Airlines Cram More Fliers into Fewer Seats and Flights

For the first time in recent aviation history, the financially troubled U.S. airline industry is shrinking domestic flying capacity in the face of strongly growing public demand for its service.

Delta frequent-flier Jay Zollicoffer is adjusting to the airline's cuts. The airline flies less frequently between Atlanta and Zollicoffer's Greensboro, N.C., home. As a result, he says the flights are often oversold and crowded.

"I've been flying Delta fairly heavily for the past 12 years, and this is the first time through all the changes that I've really noticed a difference," Zollicoffer says.

Northwest, also in bankruptcy reorganization since September, and its regional partners have shed 11% of U.S. capacity in much the same way as Delta -- less frequent service on many routes and smaller jets.

The analysis shows clear trends that are affecting how and when Americans travel this holiday season:

*Frequency of service. Most of the reductions came by scaling back the volume of service on routes rather than by eliminating them.

For example, Delta reduced the number of daily non-stop flights from Atlanta to Philadelphia to eight from 15. Delta's Atlanta-Dallas/Fort Worth service saw a similar cut. Northwest now flies one rather than three daily flights from Minneapolis to Albany, N.Y.

*Length of route. Capacity on flights of less than 750 miles has been trimmed more than on longer flights. For example, Independence Air cut nearly two-thirds of its seats between Washington Dulles and Raleigh-Durham, a 229-mile route.

*Time of day. Capacity on flights scheduled for 8 p.m. or later took deeper proportionate cuts than earlier flights. One in five flights between 10 p.m. and midnight have vanished since December 2004.

Cutbacks ripple out

High-mileage air travelers are seeing the effects.

Delta frequent-flier Teresa Colson of Lexington, Ky., says she's flying more on small 50-seat jets.

"We're all fighting over the exit row," she says.

Tink Wilkinson, a consultant based in Mobile, Ala., says he quit Delta for US Airways when it cut Atlanta-Mobile flights at 9 p.m. and 10 p.m. Delta ultimately reinstated one of the flights, but Wilkinson has stuck with its competitor.

"When you can't depend upon an airline to have consistent flight schedules, what's the point?" he says.

Since Northwest cut late-afternoon flights from Detroit into Flint, Mich., Dan Tunnecliffe says he's left with a difficult choice: miss business opportunities or face extended evening airport waits as he tries to get home to Flint.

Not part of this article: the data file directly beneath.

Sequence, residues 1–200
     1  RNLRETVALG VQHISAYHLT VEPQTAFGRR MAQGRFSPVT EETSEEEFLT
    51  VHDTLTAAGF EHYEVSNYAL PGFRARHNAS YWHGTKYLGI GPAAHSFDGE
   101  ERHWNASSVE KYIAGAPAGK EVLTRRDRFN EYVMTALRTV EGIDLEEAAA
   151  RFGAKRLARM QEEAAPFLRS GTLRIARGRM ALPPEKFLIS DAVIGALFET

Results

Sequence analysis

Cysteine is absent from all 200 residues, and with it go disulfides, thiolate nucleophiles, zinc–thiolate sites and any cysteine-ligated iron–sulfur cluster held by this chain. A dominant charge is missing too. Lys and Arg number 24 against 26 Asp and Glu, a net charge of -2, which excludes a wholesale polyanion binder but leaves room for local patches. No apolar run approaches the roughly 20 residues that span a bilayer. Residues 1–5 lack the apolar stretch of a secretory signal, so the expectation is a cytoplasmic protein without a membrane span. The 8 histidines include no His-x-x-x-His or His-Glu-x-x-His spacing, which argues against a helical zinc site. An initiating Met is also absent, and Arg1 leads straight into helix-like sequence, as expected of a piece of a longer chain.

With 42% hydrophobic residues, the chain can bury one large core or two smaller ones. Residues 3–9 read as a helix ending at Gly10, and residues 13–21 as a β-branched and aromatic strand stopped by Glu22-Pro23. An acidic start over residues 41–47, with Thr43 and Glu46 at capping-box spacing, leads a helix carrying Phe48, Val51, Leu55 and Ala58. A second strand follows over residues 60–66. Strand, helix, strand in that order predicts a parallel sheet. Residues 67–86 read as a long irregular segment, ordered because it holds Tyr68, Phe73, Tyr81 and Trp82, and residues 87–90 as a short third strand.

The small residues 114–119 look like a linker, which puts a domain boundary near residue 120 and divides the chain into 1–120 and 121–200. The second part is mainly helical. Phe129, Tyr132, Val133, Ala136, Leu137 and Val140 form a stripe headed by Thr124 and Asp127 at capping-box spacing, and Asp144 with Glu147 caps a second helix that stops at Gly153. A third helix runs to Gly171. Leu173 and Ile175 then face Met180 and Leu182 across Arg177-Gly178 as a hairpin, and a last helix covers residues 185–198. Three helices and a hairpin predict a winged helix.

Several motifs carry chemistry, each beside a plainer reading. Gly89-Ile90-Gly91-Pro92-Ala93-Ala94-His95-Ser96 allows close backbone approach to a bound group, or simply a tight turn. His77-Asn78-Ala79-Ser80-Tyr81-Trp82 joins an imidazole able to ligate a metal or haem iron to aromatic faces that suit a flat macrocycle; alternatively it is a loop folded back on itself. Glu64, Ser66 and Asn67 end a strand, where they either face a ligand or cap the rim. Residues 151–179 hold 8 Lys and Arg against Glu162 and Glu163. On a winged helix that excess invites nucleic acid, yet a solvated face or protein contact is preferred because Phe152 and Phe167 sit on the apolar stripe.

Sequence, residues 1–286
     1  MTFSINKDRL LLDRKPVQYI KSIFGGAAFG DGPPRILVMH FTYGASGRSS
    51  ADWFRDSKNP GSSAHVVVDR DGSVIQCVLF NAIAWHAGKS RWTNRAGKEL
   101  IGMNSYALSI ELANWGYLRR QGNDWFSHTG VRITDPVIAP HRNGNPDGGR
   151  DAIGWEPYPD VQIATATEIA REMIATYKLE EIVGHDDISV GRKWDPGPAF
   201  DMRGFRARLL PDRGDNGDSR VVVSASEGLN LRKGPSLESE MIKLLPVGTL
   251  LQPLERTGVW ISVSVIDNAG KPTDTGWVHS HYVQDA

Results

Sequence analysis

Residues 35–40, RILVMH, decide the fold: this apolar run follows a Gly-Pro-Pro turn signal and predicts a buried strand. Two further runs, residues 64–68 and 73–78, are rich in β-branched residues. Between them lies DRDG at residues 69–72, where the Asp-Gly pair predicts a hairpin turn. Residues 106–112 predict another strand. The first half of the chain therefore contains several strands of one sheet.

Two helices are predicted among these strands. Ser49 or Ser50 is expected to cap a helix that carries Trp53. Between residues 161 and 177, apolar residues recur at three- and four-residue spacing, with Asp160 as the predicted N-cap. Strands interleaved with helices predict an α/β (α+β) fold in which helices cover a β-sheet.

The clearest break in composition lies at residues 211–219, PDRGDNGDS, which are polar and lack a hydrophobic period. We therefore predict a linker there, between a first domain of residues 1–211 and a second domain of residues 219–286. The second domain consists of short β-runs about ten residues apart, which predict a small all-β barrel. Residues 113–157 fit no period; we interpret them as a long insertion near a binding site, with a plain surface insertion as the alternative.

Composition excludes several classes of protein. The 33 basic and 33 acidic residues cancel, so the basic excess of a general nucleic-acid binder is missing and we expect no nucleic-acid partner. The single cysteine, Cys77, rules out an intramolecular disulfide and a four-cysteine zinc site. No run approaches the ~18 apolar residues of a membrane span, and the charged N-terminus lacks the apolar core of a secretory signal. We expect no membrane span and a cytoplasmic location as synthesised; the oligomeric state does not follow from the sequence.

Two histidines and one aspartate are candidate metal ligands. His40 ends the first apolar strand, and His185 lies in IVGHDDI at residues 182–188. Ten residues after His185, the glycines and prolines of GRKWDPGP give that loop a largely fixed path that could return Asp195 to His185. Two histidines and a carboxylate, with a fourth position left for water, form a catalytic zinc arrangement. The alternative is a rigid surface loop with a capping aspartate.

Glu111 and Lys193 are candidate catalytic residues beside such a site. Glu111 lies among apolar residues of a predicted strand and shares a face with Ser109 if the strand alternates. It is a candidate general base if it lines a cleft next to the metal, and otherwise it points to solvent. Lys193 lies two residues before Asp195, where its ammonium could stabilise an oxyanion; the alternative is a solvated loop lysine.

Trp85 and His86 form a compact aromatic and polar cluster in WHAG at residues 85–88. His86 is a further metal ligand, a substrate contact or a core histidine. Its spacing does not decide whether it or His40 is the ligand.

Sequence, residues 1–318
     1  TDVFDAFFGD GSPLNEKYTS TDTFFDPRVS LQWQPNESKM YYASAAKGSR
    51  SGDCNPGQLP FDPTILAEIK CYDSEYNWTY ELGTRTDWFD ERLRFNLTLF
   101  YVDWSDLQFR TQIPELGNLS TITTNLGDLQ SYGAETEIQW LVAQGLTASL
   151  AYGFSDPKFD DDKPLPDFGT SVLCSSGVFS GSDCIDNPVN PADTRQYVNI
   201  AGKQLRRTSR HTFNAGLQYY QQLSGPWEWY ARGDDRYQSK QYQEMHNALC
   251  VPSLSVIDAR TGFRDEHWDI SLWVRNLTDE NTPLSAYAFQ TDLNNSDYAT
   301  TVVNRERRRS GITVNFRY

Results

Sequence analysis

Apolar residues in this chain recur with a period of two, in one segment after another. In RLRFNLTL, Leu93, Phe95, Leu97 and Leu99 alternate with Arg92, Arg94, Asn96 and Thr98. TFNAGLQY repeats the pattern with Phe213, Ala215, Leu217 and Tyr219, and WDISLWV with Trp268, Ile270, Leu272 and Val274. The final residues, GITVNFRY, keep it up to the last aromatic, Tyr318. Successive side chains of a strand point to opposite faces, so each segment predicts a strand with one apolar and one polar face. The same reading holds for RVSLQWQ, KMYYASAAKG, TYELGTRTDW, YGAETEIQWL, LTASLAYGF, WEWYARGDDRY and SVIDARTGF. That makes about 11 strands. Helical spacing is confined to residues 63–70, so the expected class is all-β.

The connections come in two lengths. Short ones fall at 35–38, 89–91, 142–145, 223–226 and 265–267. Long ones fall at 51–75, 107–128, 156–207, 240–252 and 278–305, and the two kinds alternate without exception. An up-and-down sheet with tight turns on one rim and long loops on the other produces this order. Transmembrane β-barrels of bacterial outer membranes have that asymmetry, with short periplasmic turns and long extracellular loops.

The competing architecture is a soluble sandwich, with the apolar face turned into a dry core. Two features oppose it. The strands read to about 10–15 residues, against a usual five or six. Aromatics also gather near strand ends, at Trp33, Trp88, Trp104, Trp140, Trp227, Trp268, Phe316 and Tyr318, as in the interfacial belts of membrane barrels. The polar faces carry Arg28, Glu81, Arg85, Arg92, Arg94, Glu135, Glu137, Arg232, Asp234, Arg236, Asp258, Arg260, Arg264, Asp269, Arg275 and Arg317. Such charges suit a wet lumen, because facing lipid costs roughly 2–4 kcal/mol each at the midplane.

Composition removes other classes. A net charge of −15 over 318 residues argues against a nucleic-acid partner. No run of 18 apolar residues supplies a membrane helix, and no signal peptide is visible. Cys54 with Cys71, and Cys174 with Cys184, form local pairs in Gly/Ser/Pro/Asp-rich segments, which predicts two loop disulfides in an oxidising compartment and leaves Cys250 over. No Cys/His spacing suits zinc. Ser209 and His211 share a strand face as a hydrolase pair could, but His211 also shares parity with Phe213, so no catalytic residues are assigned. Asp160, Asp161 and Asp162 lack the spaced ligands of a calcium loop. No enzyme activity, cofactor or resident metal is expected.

Because Delta eliminated a night flight from Cincinnati to Ken Coker's home airport, Oklahoma City, getting home from the East Coast now requires connecting in Atlanta. Planned changes will soon add 90 minutes to a trip he makes about once a week. "Major inconvenience," says Coker, an automotive industry consultant.

Delta frequent-flier Rich Marcus of Fort Lauderdale says that since the reductions, he's noticed flights are fuller, which makes it difficult for business travelers such as himself to make last-minute changes. After a business trip to Greensboro last week required him to fly stand-by, he says he watched two planes depart before finally getting on the third. All were overbooked.

Route maps relatively stable

Despite the reductions, the USA's biggest airlines, which serve hundreds of cities, so far have kept their route maps mostly intact. Delta, for example, has ceased service in the last year to just four of about 200 U.S. airports. Nonetheless, some cities have seen airlines pull out completely, and airport directors in many places are feeling vulnerable to future cuts.

Delta and Independence Air recently ceased flying to the Newburgh, N.Y., airport, roughly an hour and a half's drive from Manhattan. Independence Air's exit meant the loss of non-stop service to Washington, D.C., and Delta's departure meant the loss of non-stop service to Cincinnati.

"A small airport like ours is always one of the first that goes, because it's not as important as the larger ones," says Tanya Vanasse, the airport's marketing manager.

Indianapolis-based discounter ATA quit flying to its hometown. When ATA pulled out of Grand Rapids, Mich., the community received a double blow. It meant the loss of non-stop service to Chicago Midway, and it also caused fares for the remaining carriers to climb, says airport marketing manager Bruce Schedlbauer.

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